The software on the plane has more lines of code than that and some of that code actually controls the plane, auto-negotiate collision avoidance, etc. I'd be more worried about that - if ERAM goes down for a brief period, controllers wouldn't be able to see flights, but those aircraft would be able to maintain control of their aircraft until ERAM came back up. If the flight's control system went, then the traffic controller would only be able to watch the flight as it hurtled out of control.

Comment: Test of Time (Score 5, Insightful) 181

by organgtool (#49513639) Attached to: Swift Tops List of Most-Loved Languages and Tech
It's easy to love Swift now since it's relatively new. Enough time hasn't gone by yet for projects to grow big enough to discover all of its shortcomings. I did like many of the core concepts behind Swift when I first heard about it, but I'm not a fan of its low type safety as well as the fact that it only works on one platform.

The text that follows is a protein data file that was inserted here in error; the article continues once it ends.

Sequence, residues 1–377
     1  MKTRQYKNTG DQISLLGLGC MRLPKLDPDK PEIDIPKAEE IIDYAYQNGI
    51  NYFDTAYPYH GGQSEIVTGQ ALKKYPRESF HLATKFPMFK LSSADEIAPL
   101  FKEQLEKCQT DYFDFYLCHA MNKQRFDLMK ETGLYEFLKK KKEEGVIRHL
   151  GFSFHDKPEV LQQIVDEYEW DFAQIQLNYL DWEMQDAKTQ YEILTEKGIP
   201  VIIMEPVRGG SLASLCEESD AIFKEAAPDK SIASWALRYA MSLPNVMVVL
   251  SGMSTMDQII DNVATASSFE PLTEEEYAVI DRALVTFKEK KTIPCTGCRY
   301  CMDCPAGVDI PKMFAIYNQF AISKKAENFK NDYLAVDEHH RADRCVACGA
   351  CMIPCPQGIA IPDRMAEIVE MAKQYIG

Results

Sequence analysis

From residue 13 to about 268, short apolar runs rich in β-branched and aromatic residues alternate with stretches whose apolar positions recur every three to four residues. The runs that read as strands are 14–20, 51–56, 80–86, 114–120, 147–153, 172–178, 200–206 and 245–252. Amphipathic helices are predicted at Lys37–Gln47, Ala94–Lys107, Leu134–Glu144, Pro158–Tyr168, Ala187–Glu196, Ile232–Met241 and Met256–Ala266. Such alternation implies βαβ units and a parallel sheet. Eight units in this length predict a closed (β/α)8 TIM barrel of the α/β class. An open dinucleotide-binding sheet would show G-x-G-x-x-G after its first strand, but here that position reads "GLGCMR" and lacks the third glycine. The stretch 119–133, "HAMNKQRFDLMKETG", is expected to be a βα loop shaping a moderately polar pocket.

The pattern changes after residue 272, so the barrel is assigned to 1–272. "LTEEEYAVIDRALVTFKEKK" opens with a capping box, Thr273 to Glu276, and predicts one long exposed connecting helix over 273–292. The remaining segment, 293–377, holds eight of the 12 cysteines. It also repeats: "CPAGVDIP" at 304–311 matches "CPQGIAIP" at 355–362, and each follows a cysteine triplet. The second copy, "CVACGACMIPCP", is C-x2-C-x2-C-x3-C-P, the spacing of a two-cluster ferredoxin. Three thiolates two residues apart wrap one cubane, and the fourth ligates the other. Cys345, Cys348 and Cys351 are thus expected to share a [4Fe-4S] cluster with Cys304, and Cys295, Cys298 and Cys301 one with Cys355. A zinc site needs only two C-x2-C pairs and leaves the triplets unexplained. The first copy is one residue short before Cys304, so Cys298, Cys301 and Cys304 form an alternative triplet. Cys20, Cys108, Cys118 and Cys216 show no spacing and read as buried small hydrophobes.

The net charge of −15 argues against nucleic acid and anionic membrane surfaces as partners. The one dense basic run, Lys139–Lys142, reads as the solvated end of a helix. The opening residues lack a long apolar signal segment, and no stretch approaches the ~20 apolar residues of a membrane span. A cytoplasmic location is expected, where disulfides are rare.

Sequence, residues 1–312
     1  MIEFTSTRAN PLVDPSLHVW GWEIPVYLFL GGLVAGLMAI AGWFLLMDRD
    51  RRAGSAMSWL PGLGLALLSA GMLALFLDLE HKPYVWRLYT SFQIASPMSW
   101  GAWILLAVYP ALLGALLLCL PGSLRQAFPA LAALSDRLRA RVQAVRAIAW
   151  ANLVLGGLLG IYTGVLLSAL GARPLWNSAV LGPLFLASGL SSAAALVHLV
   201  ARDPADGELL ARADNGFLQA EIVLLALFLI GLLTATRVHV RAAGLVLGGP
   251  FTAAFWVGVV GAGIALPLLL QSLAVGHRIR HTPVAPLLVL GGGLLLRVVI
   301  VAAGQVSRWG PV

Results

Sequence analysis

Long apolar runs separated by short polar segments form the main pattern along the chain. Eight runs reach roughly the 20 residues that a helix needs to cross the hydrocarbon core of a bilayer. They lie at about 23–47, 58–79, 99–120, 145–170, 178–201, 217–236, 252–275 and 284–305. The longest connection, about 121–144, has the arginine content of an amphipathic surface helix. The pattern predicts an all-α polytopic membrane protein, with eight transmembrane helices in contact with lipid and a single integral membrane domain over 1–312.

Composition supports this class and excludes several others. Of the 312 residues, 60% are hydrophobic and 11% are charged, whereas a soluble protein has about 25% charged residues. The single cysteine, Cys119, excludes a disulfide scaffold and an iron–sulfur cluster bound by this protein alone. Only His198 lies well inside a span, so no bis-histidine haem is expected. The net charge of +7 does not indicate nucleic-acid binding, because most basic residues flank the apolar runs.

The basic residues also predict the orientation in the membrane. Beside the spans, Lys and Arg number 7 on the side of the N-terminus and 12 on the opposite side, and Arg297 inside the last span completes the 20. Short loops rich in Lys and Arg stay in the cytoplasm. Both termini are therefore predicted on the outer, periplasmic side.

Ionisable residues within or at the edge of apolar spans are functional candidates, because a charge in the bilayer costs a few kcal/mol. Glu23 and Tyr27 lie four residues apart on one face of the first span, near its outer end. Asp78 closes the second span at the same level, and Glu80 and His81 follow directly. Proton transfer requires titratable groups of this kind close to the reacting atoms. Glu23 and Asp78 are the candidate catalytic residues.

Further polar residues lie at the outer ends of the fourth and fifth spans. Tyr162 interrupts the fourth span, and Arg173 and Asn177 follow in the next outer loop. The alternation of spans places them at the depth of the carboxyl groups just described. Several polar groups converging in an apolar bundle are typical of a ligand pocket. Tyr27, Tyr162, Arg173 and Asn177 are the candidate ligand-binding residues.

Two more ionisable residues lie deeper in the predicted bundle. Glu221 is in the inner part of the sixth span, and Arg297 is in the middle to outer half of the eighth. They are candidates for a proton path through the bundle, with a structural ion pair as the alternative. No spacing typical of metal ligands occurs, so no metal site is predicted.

Comment: Re:Or a simple solution. (Score 5, Insightful) 95

by organgtool (#49437317) Attached to: Microsoft Creates a Docker-Like Container For Windows
How was this modded insightful?!

The shared library is an out of date concept

No, it is used by every major system today for very good reasons.

Some will say that is how Macs do it

Macs do have shared libraries - the files have a .dylib file extension.

sounds good when storage was expensive

Statically linked apps don't just take up orders of magnitude more storage, but also significantly more memory. Not only that, but a critical security update to one library requires recompiling and redeploying ALL of the apps that use that library.

today we are virtualizing full platforms just to prevent version incomparably

There are tons of reasons to virtualize that have nothing to do with version compatibility or network security.